Inside the Redesigned SAT
Remember the big, fat SAT® practice book, which made you shudder just looking at its size and heft? But you plowed through the book to get a sense of the unknown – the SAT and the next step toward a college education. Now, with a mere click on the keyboard, the unknown is revealed – the redesigned SAT, which students will begin taking in March 2016. The College Board has made the SAT accessible, transparent, and easier to take.
A look at “Inside the Test” on the College Board website reveals several changes to the SAT. The newly reformatted three-hour test contains two sections: Evidence-Based Reading and Writing, and Math. The 50-minute Essay section is optional. The other change is the return of scoring on a 400- to 1600-point scale. The Evidence-Based Reading and Writing, and Math section each will be scored on a 200- to 800-point scale. Scores for the Essay section will be reported separately. For more information on the new SAT, go to http://collegereadiness.collegeboard.org.
Having an inside look at this test, College Board wants students to know five things about the new SAT:
- The good news is that students no longer will be penalized for a wrong answer; taking a guess will not hurt his/her score.
- The vocabulary section still is challenging, but students will have a better chance of knowing the meaning of the term, or being able to figure it out, from contextual clues.
- The most significant change in the reading section is students are asked to interpret, synthesize, and use evidence found in a wide range of sources, including historical founding documents.
- There are two essential math areas tested, and there are multi-step math problems in real-world contexts, which need to be solved. A calculator is no longer permitted during one of the sections on the math test.
- The optional essay asks students to respond to a prompt to analyze a writer’s argument.
To help students prepare, College Board is providing a daily practice app and SAT practice tests at SAT Practice | SAT Suite of Assessments – The College Board.
A test-taking spectrum in the SAT Suite of Assessments can be used by teachers and district leaders to guide instruction. In addition to the SAT, students in eighth- or ninth-grades can take a readiness baseline test called the PSAT 8/9. The next assessment is the check-in and focus test of the PSAT/NMSQT (tenth- and eleventh-graders). These three assessment scores have been placed on the same scale, and provide an indicator score as if the student took the SAT on that day. Please check these assessments and college level studies at http://professionals.collegeboard.com/k-12/prepare.
Ocean City High School (Cape May County, www.oceancityschools.org) gave the redesigned PSAT 9 to freshmen and the redesigned PSAT/NMSQT to tenth- and eleventh-graders this past fall. A summary of performance by the mean total score is provided for each of these grades, along with comparison data for the state and nation, as well as a demographic breakdown of how the students preformed.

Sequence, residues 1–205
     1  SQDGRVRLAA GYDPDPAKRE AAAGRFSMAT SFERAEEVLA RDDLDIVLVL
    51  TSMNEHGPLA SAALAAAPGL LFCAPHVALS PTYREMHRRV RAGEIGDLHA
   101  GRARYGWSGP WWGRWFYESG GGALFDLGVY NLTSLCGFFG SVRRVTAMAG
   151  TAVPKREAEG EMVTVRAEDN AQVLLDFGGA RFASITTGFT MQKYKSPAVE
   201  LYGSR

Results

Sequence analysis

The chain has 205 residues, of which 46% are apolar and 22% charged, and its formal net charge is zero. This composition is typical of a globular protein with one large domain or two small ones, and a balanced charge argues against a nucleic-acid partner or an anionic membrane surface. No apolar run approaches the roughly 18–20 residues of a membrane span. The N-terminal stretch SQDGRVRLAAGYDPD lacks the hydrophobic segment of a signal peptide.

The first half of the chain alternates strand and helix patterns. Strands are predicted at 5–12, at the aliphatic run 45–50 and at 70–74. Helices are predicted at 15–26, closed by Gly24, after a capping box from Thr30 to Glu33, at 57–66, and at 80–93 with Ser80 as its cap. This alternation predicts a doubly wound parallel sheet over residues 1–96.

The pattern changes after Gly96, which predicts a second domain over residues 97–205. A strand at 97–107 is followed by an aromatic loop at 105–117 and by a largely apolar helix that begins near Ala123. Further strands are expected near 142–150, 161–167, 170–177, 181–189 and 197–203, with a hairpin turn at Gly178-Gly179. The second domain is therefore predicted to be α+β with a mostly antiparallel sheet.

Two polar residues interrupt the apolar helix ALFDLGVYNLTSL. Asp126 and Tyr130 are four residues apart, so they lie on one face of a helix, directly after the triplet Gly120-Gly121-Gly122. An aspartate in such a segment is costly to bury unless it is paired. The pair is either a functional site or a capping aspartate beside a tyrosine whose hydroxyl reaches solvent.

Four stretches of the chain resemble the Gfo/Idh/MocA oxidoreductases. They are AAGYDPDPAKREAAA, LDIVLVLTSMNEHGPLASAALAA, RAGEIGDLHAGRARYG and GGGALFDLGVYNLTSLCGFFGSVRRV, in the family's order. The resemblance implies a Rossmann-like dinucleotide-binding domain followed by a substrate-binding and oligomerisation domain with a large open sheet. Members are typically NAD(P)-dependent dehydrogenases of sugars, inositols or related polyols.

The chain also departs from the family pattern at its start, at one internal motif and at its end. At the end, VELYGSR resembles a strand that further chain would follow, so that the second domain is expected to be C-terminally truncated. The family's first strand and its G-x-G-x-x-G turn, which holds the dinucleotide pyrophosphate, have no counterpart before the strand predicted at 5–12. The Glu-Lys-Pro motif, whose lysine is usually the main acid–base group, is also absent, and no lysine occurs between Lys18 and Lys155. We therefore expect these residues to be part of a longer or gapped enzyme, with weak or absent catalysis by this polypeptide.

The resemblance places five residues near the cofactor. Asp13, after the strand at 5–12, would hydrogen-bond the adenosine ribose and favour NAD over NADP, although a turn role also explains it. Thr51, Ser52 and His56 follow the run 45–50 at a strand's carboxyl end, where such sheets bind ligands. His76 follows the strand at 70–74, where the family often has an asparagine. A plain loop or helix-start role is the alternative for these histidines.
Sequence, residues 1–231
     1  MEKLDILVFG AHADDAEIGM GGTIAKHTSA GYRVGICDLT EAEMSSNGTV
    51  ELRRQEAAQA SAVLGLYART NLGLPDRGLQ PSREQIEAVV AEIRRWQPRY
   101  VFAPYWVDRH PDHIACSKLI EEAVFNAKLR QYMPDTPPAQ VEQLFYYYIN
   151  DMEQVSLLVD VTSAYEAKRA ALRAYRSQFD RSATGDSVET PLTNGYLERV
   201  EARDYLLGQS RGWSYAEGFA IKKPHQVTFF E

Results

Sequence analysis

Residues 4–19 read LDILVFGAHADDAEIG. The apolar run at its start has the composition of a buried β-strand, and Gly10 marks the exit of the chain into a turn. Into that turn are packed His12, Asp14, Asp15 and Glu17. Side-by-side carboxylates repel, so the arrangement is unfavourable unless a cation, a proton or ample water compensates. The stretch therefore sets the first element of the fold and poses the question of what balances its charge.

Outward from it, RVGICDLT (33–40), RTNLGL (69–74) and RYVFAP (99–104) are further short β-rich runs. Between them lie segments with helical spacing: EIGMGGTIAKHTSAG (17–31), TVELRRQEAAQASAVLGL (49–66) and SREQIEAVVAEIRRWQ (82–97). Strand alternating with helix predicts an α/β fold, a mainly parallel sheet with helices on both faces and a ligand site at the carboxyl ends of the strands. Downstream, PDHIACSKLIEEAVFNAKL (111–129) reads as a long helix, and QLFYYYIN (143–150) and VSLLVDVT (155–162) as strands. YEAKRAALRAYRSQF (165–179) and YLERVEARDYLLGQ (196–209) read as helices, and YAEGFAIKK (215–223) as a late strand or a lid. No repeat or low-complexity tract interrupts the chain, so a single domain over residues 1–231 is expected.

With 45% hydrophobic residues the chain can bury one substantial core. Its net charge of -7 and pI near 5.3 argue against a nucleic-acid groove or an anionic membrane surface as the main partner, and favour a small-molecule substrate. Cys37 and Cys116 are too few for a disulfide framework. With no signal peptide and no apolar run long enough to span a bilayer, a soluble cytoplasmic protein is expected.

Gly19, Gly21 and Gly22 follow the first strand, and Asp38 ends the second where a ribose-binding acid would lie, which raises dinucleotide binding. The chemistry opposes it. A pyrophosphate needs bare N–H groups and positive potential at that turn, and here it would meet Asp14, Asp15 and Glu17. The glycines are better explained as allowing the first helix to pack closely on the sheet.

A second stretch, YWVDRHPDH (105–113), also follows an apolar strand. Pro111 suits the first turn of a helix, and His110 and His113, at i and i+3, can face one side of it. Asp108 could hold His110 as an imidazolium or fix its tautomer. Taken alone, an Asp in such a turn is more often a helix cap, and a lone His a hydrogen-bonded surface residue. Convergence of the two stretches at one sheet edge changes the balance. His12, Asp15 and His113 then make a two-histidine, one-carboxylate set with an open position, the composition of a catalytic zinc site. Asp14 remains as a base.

The High School also received reports on each grade’s progress toward meeting college and career readiness benchmarks as well as individual student-level performance data. We are taking advantage of the AP Potential™, which identifies students who may succeed in AP courses, while increasing access for all students. This information is located at https://collegereadiness.collegeboard.org/about/benefits/connect-to-ap. More assistance on steps to prepare students for the PSAT, PSAT/NMSQT and AP courses, as well as a resource library, are in the Teacher Implementation Guide at https://collegereadiness.collegeboard.org/pdf/redesigned-sat-k12-teacher-implementation-guide.pdf.
The partnership between College Board and the Khan Academy® provides students with free test preparation services, found at https://www.khanacademy.org/sat. Students will need to have an account with College Board to view testing scores and compare their scores against College Readiness Benchmarks. Please advise your students that to access these preparation materials, they must first log-in and create a College Board account using a personal and professional-sounding email. Students should not use their current school email address. At this site, https://studentscores.collegeboard.org, students will receive personalized feedback, college planning and career exploration resources.
The Student Search Service® also gives PSAT/NMSQT test-takers the option to voluntarily place their names and addresses in a pool of college-bound students interested in receiving admission and financial aid information from certified colleges, universities and scholarship agencies.
Across New Jersey, school districts are laser-focused on areas of study that matter most for college and career success for their students. A top priority is preparing the Class of 2017 for the new SAT. With the amount of resources now available to school districts, we will be able to better guide and prepare students for college success.
For questions about the SAT redesign, email SATinstructionalsupport@collegeboard.org.